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Introduction

The Ecological Footprint (EF) is a resource accounting tool that measures how much biologically productive land and sea is used by a given population or activity, and compares this to how much land and sea is available. As defined by the EF standards, the Ecological Footprint calculates how much biologically productive area is required to produce the resources required by the human population for consumption and absorption of waste.  

In short, EF is a measure of the demands that people place on nature. More specifically, the EF measures how much biologically productive land and water area is required to produce all the resources a given population consumes and to absorb the waste it generates.

Why Do We Need Ecological Footprinting?  

We depend on nature for a steady supply of the basic requirements for life, i.e. food, energy, mobility, housing etc. To ensure good living conditions, it is important to make sure that nature’s productivity is not used up more quickly than it is renewed. Similarly, waste is not discharged more quickly than the nature’s capacity to absorb it. Assessment of ecological performance helps us to know exactly where we are and where we need to be. It also gives an indication as to what activities need to be reduced and to what extent so as to minimize or at best avoid human suffering caused by an ecological down turn.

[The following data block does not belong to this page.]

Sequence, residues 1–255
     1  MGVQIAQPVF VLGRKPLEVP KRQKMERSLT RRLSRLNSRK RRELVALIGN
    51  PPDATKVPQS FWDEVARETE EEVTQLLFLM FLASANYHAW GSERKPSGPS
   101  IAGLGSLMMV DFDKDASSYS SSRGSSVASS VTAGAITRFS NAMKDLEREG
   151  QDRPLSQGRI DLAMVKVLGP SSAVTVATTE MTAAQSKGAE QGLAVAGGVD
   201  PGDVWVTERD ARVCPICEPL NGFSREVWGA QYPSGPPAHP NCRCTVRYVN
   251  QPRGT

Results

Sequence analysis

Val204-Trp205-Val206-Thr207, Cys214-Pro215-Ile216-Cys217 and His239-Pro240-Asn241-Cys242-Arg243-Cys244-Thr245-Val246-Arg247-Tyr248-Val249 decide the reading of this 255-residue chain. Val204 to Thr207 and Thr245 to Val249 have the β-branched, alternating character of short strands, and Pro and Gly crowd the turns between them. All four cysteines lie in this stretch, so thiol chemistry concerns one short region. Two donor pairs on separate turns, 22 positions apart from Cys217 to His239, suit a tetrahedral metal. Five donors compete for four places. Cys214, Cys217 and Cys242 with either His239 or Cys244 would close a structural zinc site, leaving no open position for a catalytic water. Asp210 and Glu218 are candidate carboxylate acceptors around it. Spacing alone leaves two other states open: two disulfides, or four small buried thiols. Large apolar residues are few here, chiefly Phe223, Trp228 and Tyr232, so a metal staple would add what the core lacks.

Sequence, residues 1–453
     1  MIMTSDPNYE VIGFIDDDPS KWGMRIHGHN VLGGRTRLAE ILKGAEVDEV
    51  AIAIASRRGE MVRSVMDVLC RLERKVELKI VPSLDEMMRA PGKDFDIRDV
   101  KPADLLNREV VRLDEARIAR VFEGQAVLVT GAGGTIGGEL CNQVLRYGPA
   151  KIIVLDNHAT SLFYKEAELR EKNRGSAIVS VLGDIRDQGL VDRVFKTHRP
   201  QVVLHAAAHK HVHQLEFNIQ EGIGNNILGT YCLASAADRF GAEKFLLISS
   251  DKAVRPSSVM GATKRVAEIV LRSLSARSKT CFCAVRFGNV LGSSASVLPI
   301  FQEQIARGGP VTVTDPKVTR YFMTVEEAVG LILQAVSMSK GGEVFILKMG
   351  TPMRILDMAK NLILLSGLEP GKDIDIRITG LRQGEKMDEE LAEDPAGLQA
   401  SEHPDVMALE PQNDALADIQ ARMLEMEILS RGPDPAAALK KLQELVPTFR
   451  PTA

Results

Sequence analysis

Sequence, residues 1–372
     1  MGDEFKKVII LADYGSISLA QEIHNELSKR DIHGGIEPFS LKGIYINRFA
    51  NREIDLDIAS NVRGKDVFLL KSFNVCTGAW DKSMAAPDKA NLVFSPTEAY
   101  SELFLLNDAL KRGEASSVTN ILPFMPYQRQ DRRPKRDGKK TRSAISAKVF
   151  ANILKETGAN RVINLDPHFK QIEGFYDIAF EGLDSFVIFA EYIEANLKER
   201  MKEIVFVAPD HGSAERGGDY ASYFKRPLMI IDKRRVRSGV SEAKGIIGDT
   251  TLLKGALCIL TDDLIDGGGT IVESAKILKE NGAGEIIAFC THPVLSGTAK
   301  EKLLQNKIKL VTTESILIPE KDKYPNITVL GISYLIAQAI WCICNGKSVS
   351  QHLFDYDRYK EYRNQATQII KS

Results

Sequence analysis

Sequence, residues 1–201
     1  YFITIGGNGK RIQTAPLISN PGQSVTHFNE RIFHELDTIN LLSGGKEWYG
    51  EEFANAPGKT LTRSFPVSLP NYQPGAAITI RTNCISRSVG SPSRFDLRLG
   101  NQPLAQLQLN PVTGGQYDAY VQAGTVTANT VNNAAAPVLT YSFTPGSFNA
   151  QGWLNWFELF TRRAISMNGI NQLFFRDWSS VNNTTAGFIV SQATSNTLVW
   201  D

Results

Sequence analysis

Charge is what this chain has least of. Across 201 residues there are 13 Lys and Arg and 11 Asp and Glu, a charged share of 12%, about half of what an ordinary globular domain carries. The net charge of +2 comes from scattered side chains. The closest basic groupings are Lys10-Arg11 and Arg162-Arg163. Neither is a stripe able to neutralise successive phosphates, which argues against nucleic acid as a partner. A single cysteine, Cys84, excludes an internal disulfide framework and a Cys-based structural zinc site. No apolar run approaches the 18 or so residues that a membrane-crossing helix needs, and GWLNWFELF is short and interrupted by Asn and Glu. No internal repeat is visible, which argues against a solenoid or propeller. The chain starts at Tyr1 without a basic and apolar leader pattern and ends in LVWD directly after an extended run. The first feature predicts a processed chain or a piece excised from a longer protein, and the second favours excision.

Just as Gross Domestic Product (GDP) is used as a standard benchmark to gauge economic performance similarly, for estimating the status of ecological assets of a certain region or of a certain community reliance Ecological Footprint (EF) is calculated.

Co-originated in the early 1990’s by Professor William Rees and Dr. Mathis Wackernagel, EF is a resource accounting tool that measures how much land and water area an entity (individual, group of people, human activity) requires to produce the resources it consumes and to absorb its wastes under prevailing technology.

Primarily a scientific tool, the ecological footprint has been widely used in sustainability analyses for over a decade in academic, government, non-profit, education, and business circles. Its strength  lies not only in the fact that it embodies a vast amount of information in a single quantitative measure, but also in its ability to facilitate decision makers in determining where to invest in order to reduce the consumption of natural materials and waste emissions, and thus increase sustainability.